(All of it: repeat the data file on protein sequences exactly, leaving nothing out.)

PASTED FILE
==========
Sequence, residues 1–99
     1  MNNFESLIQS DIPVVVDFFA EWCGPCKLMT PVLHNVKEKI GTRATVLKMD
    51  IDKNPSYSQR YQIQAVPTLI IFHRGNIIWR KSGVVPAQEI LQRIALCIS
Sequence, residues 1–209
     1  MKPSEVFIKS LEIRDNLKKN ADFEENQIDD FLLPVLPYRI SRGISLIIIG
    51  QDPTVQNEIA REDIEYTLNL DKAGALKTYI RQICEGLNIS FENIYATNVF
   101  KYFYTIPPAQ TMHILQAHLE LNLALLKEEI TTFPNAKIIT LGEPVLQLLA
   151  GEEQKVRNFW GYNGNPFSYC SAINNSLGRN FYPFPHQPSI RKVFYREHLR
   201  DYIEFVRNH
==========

Sequence, residues 1–99
     1  MNNFESLIQS DIPVVVDFFA EWCGPCKLMT PVLHNVKEKI GTRATVLKMD
    51  IDKNPSYSQR YQIQAVPTLI IFHRGNIIWR KSGVVPAQEI LQRIALCIS
Sequence, residues 1–209
     1  MKPSEVFIKS LEIRDNLKKN ADFEENQIDD FLLPVLPYRI SRGISLIIIG
    51  QDPTVQNEIA REDIEYTLNL DKAGALKTYI RQICEGLNIS FENIYATNVF
   101  KYFYTIPPAQ TMHILQAHLE LNLALLKEEI TTFPNAKIIT LGEPVLQLLA
   151  GEEQKVRNFW GYNGNPFSYC SAINNSLGRN FYPFPHQPSI RKVFYREHLR
   201  DYIEFVRNH